If you’re in a busy area (like a city), your brain has to work more because it’s always paying attention to people around you, buses, cars, etc. On the contrary, walking in a wooded area or place with trees and grass can noticeably improve concentration levels. In nature, there are fewer distractions and stimuli that require the brain’s attention, which allows you to disconnect and calm down.

Concentration problems

5. Mindfulness helps improve concentration problems

Studies have shown that mindfulness meditation can help improve attention, as well as reduce stress levels, anxiety, and depression. Mindfulness can change your brain because it helps keep your thoughts focused on one single idea, which is why it is great for improving concentration. Try just 5-10 minutes a day of mindfulness a day and you’ll see the benefits. There are also mindfulness programs for children which have shown their efficacy.

6. Get rid of distractions to solve concentration problems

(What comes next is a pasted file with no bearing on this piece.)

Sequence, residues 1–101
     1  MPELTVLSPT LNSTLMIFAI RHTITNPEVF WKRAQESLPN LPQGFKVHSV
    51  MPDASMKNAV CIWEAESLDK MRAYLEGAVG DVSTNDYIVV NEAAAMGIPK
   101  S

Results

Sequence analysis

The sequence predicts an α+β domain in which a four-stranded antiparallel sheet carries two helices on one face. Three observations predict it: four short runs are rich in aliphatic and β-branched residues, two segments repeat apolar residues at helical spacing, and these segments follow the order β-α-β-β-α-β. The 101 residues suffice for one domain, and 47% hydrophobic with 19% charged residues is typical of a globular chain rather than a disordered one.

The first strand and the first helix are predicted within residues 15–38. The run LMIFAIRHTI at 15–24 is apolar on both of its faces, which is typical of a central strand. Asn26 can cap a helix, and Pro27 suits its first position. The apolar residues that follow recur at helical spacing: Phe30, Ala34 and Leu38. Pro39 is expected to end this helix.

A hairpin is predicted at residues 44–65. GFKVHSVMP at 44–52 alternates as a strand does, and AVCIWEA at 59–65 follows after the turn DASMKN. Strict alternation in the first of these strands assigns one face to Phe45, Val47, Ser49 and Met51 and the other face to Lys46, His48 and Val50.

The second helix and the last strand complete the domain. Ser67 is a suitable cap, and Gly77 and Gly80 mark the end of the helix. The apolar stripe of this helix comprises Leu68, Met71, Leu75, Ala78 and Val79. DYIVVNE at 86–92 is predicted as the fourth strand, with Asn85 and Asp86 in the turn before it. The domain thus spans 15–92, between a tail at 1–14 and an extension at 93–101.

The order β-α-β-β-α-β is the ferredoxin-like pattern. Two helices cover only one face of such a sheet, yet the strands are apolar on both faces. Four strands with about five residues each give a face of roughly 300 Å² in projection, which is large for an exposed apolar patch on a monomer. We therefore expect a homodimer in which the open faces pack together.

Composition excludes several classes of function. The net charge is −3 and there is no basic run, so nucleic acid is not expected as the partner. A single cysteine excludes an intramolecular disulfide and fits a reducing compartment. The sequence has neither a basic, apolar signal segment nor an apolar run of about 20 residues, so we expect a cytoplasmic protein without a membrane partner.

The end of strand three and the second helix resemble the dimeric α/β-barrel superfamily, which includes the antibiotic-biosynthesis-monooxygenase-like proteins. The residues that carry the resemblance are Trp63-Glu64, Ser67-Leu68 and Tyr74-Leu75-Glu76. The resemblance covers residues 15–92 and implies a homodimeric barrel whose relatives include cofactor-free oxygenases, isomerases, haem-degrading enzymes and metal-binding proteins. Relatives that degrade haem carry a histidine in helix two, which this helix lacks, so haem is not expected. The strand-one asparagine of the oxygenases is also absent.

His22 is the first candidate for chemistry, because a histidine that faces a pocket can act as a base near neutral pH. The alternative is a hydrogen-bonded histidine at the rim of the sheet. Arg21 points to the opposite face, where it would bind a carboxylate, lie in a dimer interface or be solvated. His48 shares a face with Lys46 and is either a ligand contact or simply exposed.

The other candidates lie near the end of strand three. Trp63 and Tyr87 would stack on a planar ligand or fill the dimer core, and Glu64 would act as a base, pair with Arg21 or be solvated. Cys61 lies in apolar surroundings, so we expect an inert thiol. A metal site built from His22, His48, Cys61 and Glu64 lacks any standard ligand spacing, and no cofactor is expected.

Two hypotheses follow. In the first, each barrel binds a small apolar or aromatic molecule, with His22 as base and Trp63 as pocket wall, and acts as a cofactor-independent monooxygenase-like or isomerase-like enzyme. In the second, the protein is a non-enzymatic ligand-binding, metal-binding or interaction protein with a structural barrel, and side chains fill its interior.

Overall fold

If you’re the kind of person who gets easily distracted, it’s important that you reduce distractions as much as possible when you sit down to do work that requires your concentration. Put your phone away and have only one window open on your computer. If you get distracted by external noise, put on some quiet music or find some ear plugs.

7. Prioritize

Leave more difficult tasks for when you’re feeling awake and refreshed. You’ll probably be able to get it done quicker and easier, and you won’t be left feeling as drained. Make a list of the tasks that you have to do, and put them in order from hardest to easiest. You can always change the order, and if the difficult tasks are tiring you, you can always take a break or do one of your easier tasks.

8. Leave some time to answer calls and write e-mails

It’s easy to feel like a slave to your phone- answering calls, checking messages, getting notes about a report, and because the technology is available, we feel like we have to be connected 24/7. But this readily available constant contact is actually terrible for productivity, which is why we recommend that you plan a certain time every x minutes to respond to those e-mails in your inbox.

9. Take care of yourself

One of the best investments that you can make for your cognitive performance is keeping your body healthy. Eat well and get enough rest (at least 7 or 8 hours a night). Give yourself time to relax and enjoy the activities that you like doing. Relaxing and being healthy mentally will help improve concentration.